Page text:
Mr Justice Coulson's recent decision in Grove Developments v S&T (UK) [2018] EWHC 123 (TCC) was his last substantive Technology and Construction Court judgment before his elevation to the Court of Appeal. It's fair to say he went out with a bang.

ISG/Estura undone?

The learned judge took aim squarely at the much maligned precedent created by Mr Justice Edwards-Stuart in ISG v Seevic and reinforced by him in Estura v Galliford Try. Those cases established that, in the absence of a pay less notice against an interim application, the paying party had to pay the full amount certified and could not subsequently adjudicate on the true value of the work done by that stage.

Mr Justice Coulson held these decisions to be contrary to the approach taken by the Court of Appeal in Rupert Morgan Building Services v Jervis [2004] 1 W.L.R. 1867, an old Act case, where Lord Justice Jacob had held that in the absence of a pay less notice a payer must pay now and argue later. Mr Justice Coulson took "later" to be any time after having paid, rather than waiting to the next interim or the final certificate. That must be right, and is confirmed in the following passage from Lord Justice Jacob's lead judgment (at paragraph 14(d)):

"[this logic] does not preclude the client who has paid from subsequently showing he has overpaid. If he has overpaid on an interim certificate the matter can be put right in subsequent certificates. Otherwise he can raise the matter by way of adjudication or if necessary arbitration or legal proceedings" (emphasis added)

The word "otherwise" here makes clear that an adjudication can be brought on whether there had been an overpayment quite separately from the goings on in later certificates.

Mr Justice Coulson also rejected the finding of Mr Justice Edwards-Stuart in ISG/Estura that in the absence of a pay less notice there was some sort of deemed agreement by the payer that the amount applied for was the true value of the work. In this, he drew attention to the reference at clause 4.9 of the relevant JCT form to payment of the amount "stated as due", in contrast to the reference at clause 4.7.2 to the "sum due" as an interim payment being the actual value of work done. Mr Justice Coulson took from this distinction that you must pay the sum stated as due, but the question of what was actually due is a separate question which, as long as payment has been made, can be the subject of a further adjudication.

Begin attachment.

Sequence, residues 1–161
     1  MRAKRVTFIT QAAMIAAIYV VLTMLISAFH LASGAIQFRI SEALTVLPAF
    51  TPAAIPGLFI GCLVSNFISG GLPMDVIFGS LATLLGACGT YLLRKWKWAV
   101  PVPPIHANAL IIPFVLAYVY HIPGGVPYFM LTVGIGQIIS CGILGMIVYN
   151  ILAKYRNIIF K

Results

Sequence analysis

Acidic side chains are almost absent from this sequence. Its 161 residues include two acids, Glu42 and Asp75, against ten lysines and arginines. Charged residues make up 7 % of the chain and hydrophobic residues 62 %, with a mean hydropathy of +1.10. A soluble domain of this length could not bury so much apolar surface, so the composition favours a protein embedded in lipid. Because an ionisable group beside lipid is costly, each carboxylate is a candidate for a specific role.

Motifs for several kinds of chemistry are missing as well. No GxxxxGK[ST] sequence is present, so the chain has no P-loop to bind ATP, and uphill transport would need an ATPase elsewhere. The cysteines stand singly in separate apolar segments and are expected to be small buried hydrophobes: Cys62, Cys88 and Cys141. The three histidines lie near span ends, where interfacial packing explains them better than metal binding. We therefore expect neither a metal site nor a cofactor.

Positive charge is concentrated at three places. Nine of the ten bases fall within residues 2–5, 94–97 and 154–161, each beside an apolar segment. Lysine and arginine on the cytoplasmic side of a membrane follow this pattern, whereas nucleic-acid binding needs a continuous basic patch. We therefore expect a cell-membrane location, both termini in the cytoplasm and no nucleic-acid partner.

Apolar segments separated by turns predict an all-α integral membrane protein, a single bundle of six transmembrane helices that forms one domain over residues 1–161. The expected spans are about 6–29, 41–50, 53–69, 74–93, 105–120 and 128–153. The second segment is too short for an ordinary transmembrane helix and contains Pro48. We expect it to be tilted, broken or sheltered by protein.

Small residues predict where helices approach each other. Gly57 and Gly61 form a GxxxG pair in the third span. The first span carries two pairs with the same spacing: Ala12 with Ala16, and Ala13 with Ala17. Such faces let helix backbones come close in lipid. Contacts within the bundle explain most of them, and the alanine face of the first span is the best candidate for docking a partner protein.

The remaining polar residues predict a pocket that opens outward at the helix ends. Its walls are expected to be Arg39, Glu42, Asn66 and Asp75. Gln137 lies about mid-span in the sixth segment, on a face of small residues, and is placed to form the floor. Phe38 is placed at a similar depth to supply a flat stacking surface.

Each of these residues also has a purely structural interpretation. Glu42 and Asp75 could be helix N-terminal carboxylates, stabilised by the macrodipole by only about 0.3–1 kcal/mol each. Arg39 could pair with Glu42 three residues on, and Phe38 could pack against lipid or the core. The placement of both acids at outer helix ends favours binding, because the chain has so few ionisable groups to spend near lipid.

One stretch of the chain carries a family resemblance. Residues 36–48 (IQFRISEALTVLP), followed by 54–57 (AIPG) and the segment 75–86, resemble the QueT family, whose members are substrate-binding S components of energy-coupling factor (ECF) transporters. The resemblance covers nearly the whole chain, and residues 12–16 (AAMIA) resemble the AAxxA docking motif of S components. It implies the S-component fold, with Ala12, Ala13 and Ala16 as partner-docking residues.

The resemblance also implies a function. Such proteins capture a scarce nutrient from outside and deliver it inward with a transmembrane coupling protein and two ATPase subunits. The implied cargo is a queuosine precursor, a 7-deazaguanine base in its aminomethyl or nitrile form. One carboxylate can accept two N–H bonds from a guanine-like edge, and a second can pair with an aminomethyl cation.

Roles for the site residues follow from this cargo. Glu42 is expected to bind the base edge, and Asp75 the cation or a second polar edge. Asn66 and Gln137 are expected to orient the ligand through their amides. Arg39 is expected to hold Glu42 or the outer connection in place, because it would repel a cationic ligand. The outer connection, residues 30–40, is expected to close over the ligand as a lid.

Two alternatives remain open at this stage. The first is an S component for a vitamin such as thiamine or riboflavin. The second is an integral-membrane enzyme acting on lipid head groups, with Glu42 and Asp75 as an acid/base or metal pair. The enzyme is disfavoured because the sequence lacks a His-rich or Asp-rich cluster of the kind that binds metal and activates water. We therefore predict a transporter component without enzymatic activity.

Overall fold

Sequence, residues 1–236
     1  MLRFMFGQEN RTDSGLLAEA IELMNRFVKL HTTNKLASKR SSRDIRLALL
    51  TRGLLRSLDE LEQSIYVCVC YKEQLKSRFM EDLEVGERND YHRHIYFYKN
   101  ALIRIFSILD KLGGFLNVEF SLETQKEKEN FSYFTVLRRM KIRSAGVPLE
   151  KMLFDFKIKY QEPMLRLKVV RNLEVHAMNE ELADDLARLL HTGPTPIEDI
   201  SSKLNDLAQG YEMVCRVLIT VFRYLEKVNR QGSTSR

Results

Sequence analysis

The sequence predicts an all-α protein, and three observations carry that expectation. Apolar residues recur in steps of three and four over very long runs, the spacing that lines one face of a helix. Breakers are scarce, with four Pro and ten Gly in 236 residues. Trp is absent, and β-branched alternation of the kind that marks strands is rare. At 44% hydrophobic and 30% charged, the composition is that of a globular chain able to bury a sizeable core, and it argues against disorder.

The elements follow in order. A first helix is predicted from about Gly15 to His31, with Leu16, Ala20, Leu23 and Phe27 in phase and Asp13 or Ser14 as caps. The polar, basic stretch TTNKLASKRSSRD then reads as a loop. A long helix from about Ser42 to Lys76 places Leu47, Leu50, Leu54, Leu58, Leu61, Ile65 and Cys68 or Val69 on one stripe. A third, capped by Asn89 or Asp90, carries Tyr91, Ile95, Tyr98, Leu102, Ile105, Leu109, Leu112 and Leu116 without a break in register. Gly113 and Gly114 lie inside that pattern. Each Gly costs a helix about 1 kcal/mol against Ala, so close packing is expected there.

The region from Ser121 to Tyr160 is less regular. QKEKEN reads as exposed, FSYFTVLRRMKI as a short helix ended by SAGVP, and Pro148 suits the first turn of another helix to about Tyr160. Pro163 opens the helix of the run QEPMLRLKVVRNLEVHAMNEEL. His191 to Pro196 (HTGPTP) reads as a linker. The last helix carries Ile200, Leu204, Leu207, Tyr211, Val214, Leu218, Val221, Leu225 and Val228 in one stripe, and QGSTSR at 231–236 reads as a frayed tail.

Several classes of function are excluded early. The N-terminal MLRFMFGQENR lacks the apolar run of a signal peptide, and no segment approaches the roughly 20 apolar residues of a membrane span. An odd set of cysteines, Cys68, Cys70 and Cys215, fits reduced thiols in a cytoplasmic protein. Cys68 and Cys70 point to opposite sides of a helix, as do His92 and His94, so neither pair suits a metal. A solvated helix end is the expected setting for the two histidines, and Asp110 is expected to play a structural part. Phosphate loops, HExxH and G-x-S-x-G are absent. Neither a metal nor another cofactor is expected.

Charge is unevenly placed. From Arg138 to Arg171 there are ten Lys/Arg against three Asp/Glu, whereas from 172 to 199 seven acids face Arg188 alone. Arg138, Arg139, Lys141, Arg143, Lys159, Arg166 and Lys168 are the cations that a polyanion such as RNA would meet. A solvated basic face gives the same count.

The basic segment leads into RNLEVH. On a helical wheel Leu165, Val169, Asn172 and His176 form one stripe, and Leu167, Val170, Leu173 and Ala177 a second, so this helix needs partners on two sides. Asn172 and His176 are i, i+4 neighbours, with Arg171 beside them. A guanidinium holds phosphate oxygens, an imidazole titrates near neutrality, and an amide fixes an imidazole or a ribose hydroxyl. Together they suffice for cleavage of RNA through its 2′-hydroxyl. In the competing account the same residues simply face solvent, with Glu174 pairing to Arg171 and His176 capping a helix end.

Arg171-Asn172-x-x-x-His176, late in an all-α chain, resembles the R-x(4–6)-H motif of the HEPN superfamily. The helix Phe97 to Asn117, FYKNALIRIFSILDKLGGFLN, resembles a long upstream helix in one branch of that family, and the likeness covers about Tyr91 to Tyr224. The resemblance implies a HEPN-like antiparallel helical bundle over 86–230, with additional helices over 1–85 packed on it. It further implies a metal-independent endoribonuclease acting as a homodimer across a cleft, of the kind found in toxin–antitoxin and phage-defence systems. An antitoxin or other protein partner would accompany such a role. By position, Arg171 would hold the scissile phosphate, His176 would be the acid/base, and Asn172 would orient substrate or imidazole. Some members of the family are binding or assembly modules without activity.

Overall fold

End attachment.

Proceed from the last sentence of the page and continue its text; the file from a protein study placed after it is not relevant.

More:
In this author's view, that has a force of logic. Paul Darling QC expressed a staunchly opposed view at a recent Society for Construction Law conference in Leeds. In his respectful opinion, Mr Justice Coulson had invented in Grove a term of repayment that did not exist contractually, and had conflated the distinction between procedural (pay what the notices says) and substantive (but what should the notices should have said). But Mr Justice Coulson's reliance on and analysis of the express contractual wording "sum due" as contrasted with "stated as due" does suggest that Mr Justice Coulson's decision confirms rather than undermines the contractual intent.

The impact of Grove

Mr Justice Coulson was at pains to underscore that his remarks on this topic were not obiter. In truth, they probably were, but will be highly persuasive, and will probably followed by others in the TCC.

Legal commentators have been quick to herald the end of smash and grab adjudications. Mr Justice Coulson himself in the judgment considered that his decision "will reduce the number of 'smash and grab' claims which, in my view, have brought adjudication into a certain amount of disrepute".

Jonathan Cope of MCMS offers a contrasting opinion in a recent blog. In his view, payees will continue to have regular recourse to 'smash and grabs' because (a) it avoids arguing about the merits and (b) adjudicators may be more sympathetic to smash and grab claims in the knowledge that any overpayments can be quickly corrected post-payment.

On the second point, Mr Cope points out that Mr Justice Coulson said repeatedly that an adjudication on the true value can only be commenced once the sum stated as due as in fact been paid.

But this seems to cut across the payer's statutory and contractual right to adjudicate at any time. Is an adjudicator really to refuse jurisdiction on a bona fide dispute on true value simply because no payment has yet been made hardly likely. It is much more likely that we will see a resurgence of the cross-adjudications of the past and that, when it comes to enforcement, a decision on the true valuation will be netted off against a decision on what should at the time have been paid.

Concluding thoughts

Mr Justice Coulson has (subject to a successful appeal) rung the adjudication changes once again, but the practical implications of his decision are far from clear.